I liked Nancy Carroll a lot, and Lona Andre was fetching in her bit role, I suspect written solely so some exec could bed her. There was no reason for her to be there, or to speak. But she had won Paramount’s “Panther Woman Competition” (?) and they were trying her on the public. She later declined to exploiters like SLAVES IN BONDAGE and set a world’s golfing record for women before retiring from movies and becoming a successful businesswoman.

Cary Grant seemed to be doing something weird with his face all the time.

Cary’s legal advice to Nancy, “Just say ‘I don’t know’ or ‘I don’t remember’ no matter what they ask,” was much in my mind as I watched the Murdochs, père et fils, testifying last week, not to mention their associates in the press, the police, and the government.

The Sunday Intertitle: The Man in Black

Posted in FILM, literature with tags , , , , , , , , , on May 30, 2010 by dcairns

Thanks to a not-quite-chance remark by one-man blogstorm Glenn Kenny on FaceBook, I found myself reflecting on my deplorable lack of direct experience in the matter of Tom Mix. I mainly knew the western star from his image on the cover of Sgt. Pepper’s, and from a possibly untrue story put about by sci-fi novelist Philip Jose Farmer that Mix died when he crashed his car and a metal suitcase containing a million dollars was flung forward from the back seat of his roadster, breaking his neck.

(The director of today’s epic, Lynn Reynolds, also died young, shooting himself at a party after quarreling with his wife. PISTOLS DON’T ARGUE.

Clearly, it was time to lose my Mix virginity, and the film to do it with was RIDERS OF THE PURPLE SAGE. Based on a Zane Grey novel, and surprisingly hard-edged, this is a tale of long-deferred vengeance comparable to THE SEARCHERS and RANCHO NOTORIOUS in its toughness and single-minded patience. All the stereotypes you could wish are present and correct, but their 1920s versions are so old as to be new, they all come with little variations that amuse and crinkle the eyes. Domestic life is introduced as a rapid-fire whirl of headache and fuss, about as far from the docile domesticity celebrated in John Ford as you can get.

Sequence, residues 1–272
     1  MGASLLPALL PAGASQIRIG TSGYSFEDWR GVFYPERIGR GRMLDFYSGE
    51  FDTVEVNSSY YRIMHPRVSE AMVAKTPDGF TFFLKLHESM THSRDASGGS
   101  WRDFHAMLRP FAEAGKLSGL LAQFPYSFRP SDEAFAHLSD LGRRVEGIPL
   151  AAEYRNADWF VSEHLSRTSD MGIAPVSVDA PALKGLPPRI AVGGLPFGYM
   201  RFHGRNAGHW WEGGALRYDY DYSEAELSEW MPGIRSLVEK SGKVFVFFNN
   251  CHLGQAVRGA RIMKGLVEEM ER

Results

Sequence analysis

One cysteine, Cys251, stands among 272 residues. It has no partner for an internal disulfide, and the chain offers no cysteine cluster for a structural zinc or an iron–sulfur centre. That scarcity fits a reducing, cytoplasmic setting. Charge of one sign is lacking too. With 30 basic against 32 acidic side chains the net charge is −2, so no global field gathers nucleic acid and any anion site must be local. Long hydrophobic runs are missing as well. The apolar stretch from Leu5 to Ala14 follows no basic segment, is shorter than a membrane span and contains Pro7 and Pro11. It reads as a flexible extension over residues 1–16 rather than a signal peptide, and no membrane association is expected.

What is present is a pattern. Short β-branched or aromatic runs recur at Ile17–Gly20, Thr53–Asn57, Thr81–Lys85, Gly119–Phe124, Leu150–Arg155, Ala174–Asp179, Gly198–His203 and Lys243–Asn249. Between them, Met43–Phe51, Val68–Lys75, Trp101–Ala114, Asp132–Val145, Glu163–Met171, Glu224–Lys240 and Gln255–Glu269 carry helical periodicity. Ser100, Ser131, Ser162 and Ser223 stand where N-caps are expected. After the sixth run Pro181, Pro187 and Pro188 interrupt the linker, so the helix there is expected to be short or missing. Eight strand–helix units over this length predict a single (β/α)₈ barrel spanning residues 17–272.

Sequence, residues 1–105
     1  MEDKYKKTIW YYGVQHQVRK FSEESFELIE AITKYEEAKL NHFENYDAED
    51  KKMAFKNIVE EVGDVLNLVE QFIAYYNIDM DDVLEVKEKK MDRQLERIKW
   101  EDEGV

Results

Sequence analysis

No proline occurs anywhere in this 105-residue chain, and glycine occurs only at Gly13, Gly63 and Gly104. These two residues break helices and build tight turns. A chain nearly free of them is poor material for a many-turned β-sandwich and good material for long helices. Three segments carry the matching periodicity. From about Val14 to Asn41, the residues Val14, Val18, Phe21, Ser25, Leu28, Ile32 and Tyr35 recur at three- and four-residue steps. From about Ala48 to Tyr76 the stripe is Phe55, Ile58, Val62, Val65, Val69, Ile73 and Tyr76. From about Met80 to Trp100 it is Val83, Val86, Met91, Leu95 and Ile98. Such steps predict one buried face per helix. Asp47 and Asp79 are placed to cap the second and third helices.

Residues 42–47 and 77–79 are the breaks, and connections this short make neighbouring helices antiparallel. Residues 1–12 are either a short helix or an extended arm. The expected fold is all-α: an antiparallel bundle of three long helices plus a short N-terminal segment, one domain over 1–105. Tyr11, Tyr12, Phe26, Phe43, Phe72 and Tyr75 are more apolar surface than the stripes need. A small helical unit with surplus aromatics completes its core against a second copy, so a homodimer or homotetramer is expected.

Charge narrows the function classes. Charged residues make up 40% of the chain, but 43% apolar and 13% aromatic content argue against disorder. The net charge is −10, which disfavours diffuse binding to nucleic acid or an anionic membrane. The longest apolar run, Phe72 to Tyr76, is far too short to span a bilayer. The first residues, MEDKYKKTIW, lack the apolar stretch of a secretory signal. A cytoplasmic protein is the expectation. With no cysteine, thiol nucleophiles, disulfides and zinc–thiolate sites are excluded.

Villains are oily, educated, and sort of soft, as typified by Warner Oland, the inscrutable Swede daringly cast in a non-Chinese role. A baggy, shifty, pouch of a face, barely sufficient to contain the guts of his head.

Heroes are tough, beautiful, direct, simple. Tom Mix, as hard and sharp as a man chiseled from diamond. While everybody else rides dusty and threadbare, Mix is pretty rock ‘n’ roll in his shiny black duds and hair-oil. Face like an overweight knife. Lose the single glove though, it makes you look psycho.

With a big budget, Lynn Reynolds could employ fifty head of cattle for each intertitle.

Underplaying in the best western tradition, Mix manages to seem pretty cool despite the borderline ridiculous costume and proto-clichéd attitude. He’s definitely got something! The movie rattles along, surprisingly fast-cut and complicated: I haven’t seen a cowboy flick this overstuffed with characters and incidents since SILVERADO. In one dazzling sequence, he survives unscathed when shot off his horse (how?), but can’t raise his head above sagebrush level as he’s surrounded by desperadoes. Lassooing his saddle, he swiftly improvises a sled made from branches, and has his horse tow him from the scene, raising a dust trail that chokes and befuddles his pursuers. I am frankly astounded I haven’t seen that trick in another movie.

Intriguingly, the distrust of civilisation that animates, say, STAGECOACH, is already present, with the representatives of law being corrupt and vicious (Mix heroically shoots a judge in his courtroom!) and the happy ending located in a lost valley (probably dinosaur-infested) away from the rest of humankind. Rousseau would have liked westerns.